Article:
Or perhaps this craze has something to do with how dogs are being treated nowadays? Recent news polls indicate that people (Americans in this case, but I suspect we are not alone) consider pets family. More and more pets are kept in the home these days, and in the home comes more interactions and a closer relationship. Unfortunately, we are back to the argument that keeping a pet in the house doesn’t make it human: it simply means that at the very best, your dog gets a higher quantity of attention, interaction and care. While I VERY tempted to say that it is a “quality relationship” the dog gets by living inside, sometimes it is not. A quality relationship is a healthy one in which the dog respects the owners and their belongings, where the dog is well-behaved and responds to requests and commands in a prompt, relaxed, confident manner. (This would explain why, while my friend owns the dog, I have a more quality relationship with it when I am over there because I don’t accept dominance behaviors!) However, this seems not to be the case for many dog owners. Because of their proximity to what we define as family, this mindset starts becoming something of a problem: Would I treat my little brother as I treat the dog? Why should I, when the dog is family?
Maybe the pure-positive advocates are at fault for the Gentle craze. In expecting us to train dogs without the use of a fair correction, they are in fact pushing pacifist regimes upon an animal that doesn’t understand the use of checks and balances: indeed, we use the figurative imagery of the phrase “give and take,” while the dog instead uses the literal meaning! I was once given the excuse that “Mother nature is harsh and we don’t have to be.” Whew, good thing we’ve found a way to tell her to stop all those tornadoes in Dixie alley, keep those darn plates still so we don’t have earthquakes and tsunamis, and stop those nasty hurricanes that destroy luxury beach houses! I guess we aren’t so cruel after all anyway, what with all those wars we have going on, assaults, robberies, scammers, murders, and those pedophiles are just filling a need, right? Good thing us humans are so much more peaceful than those nasty berries that give us the runs!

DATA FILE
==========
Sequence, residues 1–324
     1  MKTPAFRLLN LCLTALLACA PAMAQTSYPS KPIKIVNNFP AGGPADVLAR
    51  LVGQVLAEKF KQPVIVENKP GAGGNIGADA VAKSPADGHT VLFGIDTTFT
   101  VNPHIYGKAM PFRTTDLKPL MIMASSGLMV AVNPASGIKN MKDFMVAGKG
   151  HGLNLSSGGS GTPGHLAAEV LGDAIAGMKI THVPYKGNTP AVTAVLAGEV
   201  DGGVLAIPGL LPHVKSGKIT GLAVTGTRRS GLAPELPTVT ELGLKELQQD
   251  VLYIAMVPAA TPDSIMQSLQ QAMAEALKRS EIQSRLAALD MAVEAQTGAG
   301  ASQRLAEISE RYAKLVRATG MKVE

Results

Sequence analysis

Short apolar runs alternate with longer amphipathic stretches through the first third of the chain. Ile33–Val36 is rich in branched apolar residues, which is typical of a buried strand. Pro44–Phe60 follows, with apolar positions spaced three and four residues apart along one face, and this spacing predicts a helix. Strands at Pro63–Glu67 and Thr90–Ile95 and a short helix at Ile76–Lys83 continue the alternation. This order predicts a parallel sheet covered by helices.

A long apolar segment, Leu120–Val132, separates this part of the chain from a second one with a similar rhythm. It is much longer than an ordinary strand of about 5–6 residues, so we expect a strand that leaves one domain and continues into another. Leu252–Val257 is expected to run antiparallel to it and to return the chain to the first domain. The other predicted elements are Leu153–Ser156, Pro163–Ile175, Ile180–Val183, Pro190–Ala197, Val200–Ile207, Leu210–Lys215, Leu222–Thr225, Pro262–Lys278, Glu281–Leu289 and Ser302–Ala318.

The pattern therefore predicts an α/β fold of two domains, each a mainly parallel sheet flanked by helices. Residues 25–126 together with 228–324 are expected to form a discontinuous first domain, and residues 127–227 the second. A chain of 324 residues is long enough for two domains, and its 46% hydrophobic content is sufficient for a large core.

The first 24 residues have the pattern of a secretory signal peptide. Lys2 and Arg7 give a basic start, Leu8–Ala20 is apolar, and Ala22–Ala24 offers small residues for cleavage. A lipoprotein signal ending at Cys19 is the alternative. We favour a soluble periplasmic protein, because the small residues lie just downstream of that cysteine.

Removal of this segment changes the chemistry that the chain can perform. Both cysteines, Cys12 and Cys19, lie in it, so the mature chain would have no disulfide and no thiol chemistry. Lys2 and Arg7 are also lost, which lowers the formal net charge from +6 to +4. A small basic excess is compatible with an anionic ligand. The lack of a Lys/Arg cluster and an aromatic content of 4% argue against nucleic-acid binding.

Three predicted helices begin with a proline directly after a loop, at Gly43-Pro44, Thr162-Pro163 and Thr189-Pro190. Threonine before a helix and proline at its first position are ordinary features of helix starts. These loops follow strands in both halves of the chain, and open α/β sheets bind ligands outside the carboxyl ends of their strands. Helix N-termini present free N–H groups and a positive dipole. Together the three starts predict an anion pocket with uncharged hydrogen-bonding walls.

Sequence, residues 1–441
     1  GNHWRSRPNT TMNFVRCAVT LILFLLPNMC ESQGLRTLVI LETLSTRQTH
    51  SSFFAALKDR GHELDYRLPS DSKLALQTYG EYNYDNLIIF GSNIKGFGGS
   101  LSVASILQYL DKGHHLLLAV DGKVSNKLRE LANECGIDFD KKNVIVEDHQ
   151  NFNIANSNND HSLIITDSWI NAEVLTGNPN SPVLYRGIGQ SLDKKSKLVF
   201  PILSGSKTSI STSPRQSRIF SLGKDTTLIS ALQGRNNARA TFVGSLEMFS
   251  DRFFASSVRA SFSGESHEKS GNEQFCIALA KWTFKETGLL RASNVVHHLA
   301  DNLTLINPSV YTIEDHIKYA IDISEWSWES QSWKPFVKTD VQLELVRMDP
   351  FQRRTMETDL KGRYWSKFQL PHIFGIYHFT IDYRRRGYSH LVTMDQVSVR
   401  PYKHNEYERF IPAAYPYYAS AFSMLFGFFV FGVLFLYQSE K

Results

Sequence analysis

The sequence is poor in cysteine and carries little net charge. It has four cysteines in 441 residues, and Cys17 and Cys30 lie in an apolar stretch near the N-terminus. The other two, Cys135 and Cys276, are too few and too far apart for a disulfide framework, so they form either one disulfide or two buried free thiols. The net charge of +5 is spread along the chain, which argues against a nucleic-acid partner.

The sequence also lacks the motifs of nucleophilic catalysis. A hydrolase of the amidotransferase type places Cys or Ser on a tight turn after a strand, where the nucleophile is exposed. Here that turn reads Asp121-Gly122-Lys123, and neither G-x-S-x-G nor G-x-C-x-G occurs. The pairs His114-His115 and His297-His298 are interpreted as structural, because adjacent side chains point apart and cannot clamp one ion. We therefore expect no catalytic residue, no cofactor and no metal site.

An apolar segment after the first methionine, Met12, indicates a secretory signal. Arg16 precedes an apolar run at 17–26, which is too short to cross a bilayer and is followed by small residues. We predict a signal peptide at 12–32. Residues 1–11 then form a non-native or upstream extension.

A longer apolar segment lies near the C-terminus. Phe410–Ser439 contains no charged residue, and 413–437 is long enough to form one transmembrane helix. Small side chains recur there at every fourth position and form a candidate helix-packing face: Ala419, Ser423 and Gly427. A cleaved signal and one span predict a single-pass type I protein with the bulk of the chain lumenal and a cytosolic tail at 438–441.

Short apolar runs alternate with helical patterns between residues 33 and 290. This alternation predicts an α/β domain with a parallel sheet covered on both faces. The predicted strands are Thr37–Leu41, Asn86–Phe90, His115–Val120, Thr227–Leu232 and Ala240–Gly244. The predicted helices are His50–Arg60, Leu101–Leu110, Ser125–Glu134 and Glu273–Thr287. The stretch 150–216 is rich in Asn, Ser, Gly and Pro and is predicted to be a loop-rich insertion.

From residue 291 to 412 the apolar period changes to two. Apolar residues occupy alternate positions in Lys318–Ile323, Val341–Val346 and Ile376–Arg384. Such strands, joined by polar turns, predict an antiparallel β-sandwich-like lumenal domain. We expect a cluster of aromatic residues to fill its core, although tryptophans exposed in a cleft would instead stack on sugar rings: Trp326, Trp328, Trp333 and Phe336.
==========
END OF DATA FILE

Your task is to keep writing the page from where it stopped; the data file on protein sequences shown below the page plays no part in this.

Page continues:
Dogs are extremely resilient creatures, as are most animals. We’ve all seen the cases where the dog or cat or horse could be used as an effective anatomy lesson on the skeletal structure, and with some care, medication if needed, and properly rationed food, the physical condition of the animal will improve. Their bodies are tough and can go through things that we humans cringe merely thinking about: what normal person looks forward getting kicked in the groin by a cow or running up and down the fells all day collecting errant sheep? What human will remain stoic and silent after a hit-and-run when a bone is sticking out of the leg, or the leg is connected by a fragment of skin?
Just as dogs’ bodies are not fragile, neither are their minds. They have personalities and temperaments just like people, and some people take this to mean that their dog MUST be human, because obviously resemblance equals BEING. Oh I wish that were the case sometimes, although the thought of having to pick micro-mini horse turds out of the far corners of my room is debatable! The mind (and body) of a dog is, simply put, unbreakable through most pet owners’ means: there are few things the average dog owner can do to truly break his dog short of actually trying to, and at that point we no longer call him the average dog owner. We do not put our dogs’ bodies to the test with beatings, starvations and harsh chemical treatments. Even a lack of training doesn’t break the mind; it only indicates that there is a relationship void that needs filled, and behavioral connections that need rewired.
So whose fault is it that we are so afraid to hurt our poor babies?
I’m guessing it’s somewhere on the other end of the leash from the four-legger.